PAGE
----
Finally, there is open credit. Sometimes mixed up with revolving credit, open credit is unique in that there is usually no set limit on how much can be borrowed, but that entire balance must be paid once it becomes due. The most common type of open credit are charge cards. They appear and function identically to credit cards, but charge cards usually don’t have preset credit limits and users aren’t able to carry a balance. They are also a lot less commonly used than credit cards.

Credit can also be further broken down by how the credit limit is derived. There’s secured credit, which refers to any type of credit that’s backed by collateral – a financial asset like a piece of property, a vehicle, or even cash counts. The amount of credit given is usually directly correlated to the value of this collateral and should you default, that asset would be taken as payment. Credit issued without collateral is known as unsecured credit. Lenders determine lending limits based on things like your credit score, credit history, and income. 

Basic credit terms and definitions

APR (annual percentage rate): The privilege of borrowing money comes at a cost, usually a percentage of the total amount borrowed. Often used interchangeably with the term ‘interest rate’ or ‘interest’, this number represents how much the balance would increase over a year if a balance were held. For example: a carried balance with a 22% APR would increase by approximately 22% over a year.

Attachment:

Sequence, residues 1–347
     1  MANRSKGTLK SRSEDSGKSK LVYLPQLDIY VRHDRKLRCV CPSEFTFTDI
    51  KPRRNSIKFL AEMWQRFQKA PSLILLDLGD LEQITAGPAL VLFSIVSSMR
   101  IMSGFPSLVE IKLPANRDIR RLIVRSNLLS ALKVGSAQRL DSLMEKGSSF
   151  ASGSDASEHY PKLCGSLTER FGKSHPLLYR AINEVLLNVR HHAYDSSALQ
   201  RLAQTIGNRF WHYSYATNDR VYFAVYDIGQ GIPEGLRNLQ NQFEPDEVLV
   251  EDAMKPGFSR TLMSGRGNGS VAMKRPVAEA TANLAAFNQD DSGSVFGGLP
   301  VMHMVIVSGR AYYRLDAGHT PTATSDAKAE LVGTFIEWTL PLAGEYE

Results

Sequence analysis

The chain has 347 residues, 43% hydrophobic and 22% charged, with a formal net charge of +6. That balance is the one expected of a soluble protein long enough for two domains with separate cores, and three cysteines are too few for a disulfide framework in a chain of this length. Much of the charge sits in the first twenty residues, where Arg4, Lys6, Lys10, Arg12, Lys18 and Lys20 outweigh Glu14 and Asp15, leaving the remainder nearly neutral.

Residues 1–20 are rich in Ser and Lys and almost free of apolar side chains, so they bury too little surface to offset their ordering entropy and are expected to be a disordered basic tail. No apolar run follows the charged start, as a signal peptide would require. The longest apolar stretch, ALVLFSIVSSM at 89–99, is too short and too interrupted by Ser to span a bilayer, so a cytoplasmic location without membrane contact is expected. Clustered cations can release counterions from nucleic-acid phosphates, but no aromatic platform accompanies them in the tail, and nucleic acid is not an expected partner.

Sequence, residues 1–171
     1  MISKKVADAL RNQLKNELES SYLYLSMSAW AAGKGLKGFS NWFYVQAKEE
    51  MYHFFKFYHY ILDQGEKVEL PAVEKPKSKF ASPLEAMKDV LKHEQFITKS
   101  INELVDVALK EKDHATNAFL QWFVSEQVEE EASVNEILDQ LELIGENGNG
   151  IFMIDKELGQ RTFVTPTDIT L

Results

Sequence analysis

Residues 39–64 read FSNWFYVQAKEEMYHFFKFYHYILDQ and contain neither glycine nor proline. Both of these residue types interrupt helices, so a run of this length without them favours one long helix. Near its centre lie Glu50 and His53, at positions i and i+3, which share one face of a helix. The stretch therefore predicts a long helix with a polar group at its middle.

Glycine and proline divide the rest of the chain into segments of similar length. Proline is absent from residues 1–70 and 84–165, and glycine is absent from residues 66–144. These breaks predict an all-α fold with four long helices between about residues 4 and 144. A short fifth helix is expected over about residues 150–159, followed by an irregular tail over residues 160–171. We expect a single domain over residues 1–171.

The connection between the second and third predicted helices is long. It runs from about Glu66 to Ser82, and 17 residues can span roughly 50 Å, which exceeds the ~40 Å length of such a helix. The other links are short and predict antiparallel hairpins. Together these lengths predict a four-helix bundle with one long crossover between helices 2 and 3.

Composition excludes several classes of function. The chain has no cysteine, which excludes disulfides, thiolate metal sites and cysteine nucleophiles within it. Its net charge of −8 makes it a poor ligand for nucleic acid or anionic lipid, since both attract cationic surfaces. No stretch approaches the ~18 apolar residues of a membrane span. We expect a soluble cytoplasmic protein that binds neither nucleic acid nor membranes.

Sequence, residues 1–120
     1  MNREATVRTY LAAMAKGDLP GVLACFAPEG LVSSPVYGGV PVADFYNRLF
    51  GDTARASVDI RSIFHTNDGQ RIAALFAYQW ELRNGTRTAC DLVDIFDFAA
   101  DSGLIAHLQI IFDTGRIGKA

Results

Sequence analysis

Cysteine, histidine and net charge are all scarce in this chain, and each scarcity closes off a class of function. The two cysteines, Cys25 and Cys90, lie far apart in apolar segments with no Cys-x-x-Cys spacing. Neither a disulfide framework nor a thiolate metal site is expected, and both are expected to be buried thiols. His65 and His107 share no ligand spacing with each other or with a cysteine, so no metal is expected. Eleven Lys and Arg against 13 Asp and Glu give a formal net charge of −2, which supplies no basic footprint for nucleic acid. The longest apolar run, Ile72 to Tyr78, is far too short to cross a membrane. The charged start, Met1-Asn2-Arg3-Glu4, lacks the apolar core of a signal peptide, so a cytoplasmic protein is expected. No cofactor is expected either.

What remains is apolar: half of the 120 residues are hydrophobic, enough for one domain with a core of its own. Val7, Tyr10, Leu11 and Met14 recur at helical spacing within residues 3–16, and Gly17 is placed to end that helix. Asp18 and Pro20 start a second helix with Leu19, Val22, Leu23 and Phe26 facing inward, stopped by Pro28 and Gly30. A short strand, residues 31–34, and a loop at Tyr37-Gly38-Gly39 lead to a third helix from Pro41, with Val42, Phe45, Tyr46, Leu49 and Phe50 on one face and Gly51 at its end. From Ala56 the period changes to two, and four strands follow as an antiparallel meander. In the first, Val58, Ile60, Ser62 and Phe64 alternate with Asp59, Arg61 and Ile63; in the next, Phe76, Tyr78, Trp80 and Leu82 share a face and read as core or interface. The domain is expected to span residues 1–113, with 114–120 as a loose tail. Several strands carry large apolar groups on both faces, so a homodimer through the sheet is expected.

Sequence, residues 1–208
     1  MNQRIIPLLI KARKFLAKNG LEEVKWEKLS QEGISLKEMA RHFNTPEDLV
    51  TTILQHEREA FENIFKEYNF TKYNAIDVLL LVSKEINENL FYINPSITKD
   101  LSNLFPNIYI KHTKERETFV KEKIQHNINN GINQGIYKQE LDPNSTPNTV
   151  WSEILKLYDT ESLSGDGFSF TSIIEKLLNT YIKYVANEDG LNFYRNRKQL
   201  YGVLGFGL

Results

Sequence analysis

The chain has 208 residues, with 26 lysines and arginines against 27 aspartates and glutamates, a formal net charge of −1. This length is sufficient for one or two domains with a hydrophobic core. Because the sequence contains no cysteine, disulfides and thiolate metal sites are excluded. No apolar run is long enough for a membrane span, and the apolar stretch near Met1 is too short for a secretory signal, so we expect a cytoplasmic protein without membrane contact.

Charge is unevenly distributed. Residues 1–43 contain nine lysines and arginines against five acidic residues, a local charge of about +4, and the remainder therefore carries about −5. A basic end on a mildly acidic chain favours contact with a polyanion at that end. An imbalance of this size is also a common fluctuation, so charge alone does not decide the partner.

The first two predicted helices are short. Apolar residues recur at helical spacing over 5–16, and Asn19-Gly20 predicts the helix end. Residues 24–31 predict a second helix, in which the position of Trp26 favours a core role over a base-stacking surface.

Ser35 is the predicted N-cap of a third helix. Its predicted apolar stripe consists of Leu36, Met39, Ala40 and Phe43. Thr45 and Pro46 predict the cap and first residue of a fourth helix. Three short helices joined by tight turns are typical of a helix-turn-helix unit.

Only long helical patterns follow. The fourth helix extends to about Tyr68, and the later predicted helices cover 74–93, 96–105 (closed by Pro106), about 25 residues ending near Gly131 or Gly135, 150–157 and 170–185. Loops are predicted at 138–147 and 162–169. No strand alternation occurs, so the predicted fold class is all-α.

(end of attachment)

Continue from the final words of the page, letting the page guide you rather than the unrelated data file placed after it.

Balance: The total amount owed on a line of credit, does not necessarily reflect what is expected in an upcoming monthly payment.

Billing cycle/billing period/statement period: The number of days between credit card statements; typically 30 days.

Closing date: Marks the end of the current billing cycle. Purchases made before the closing date will be included in the upcoming monthly statement (i.e. the bill); those made after the closing date will be included in the following month’s statement.